Tuesday, 20 November 2012

An Appreciation of Old Scottish Country Homes and Castles (Part Nine)

This is the ninth part of my gallery celebrating Scottish stately homes and castles. The images in this gallery were taken during the Edwardian period and are from my own family collection. I have attempted to provide a history of each home or castle however the fact that many such old homes are in ruinous, vacant or no longer exist is to be regretted. The loss of any historic building is indeed unfortunate so this gallery also serves as a celebration of this lost heritage and the various families over the centuries who built and owned these fascinating properties.

Drumlanrig Castle, pre 1905 

Drumlanrig Castle is an imposing late Stuart Baroque home near Thornhill in Dumfriesshire. The Barony of Drumlanrig was originally a property of the Earls of Mar whose heiress married the 1st Earl of Douglas. By the end of the 14th century the Douglas family had grown into a powerful Lowland dynasty with extensive landholdings. The present Drumlanrig Castle shows traces of an earlier Douglas family stronghold on the site dating from the 14th and 15th centuries. William Lukup, Master of Works at Drumlanrig, oversaw the rebuilding which took place between 1679 and 1689. The plans were most likely drawn up earlier in the 17th century by Robert Mylne, the King's Master Mason, and his son-in-law, James Smith, hence the slightly outdated style of architecture. The cladding is of local pink sandstone with lead roofing, and constructed round an open courtyard. Towers, Corinthian pilasters, a horseshoe staircase, and a Ducal coronet are among a few of the interesting architectural features. The interior contains some fine woodwork including by Grinling Gibbons. While some rebuilding and renovation has taken place many 17th century features remain. The magnificent Great Avenue leading up to the castle, provides a breath-taking view of the park like lands surrounding the castle.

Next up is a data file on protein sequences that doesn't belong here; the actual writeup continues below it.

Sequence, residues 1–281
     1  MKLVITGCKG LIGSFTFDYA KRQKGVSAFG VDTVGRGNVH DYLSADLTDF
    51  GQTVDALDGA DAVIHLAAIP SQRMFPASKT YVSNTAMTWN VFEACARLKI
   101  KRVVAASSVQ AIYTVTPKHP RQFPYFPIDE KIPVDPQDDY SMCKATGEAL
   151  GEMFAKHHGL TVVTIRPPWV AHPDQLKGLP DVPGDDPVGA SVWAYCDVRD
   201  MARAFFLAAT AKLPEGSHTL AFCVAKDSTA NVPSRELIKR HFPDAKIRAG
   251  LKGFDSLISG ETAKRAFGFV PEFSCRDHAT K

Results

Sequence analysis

The fabulous treasures contained within the castle were further enhanced with the transfer of many valuable objects from the other family seats of Dalkeith Palace near Edinburgh (which closed in 1914) and Montagu House in London (which closed in 1917). The castle happily remains in the ownership of the Dukes of Buccleugh and Queensberry, being direct descendants of the original Douglas family.  

For some up to date exterior photos of Drumlanrig Castle, including the Gardens and Scottish Cycle Museum, refer to BikELove-Scotland.

Gartincaber House, Kilmadock, pre 1905

Gartincaber House is a "B" grade listed building at Kilmadock in Stirling. It consists of a part 3-story 17th century building with curious sculptured and inscribed dormer windows bearing legends in relief, and includes 18th century alterations and additions. A large Gothic balconied window was added in 1820 with a further addition in 1843. The interior of the home is recorded as being "of interest". From the time it was built ownership had been in the Murdoch family. In 1799 William Murdoch built the nearby but now ruinous Gartincaber Tower as a "folly". John Burn-Murdoch succeeded to the estate in 1871, which comprised of 1540 acres in the shire valued at (c.1882-85) £1,791 per annum. Lord and Lady Murdoch were resident to at least 1960 but one record states that Gartincaber House has subsequently been sold (pre 2011).

Bibliography :

- Various Internet sources
- All images are from my own collection and may be freely copied provided a link is given back to this page.


  1. I thoroughly enjoyed the guided tour of Drumlanrig Castle when I was there in May, both the Castle and its interiors are stunning. The pieces of art on display are very impressive too. Feel free to borrow a more recent picture from the post if you want :)

  2. Thank you Gavin, I added a link on the post to your blog on Drumlanrig. I'll get there one day with my trusty back-pack but sadly not on bike. Keep up the good work. Donald


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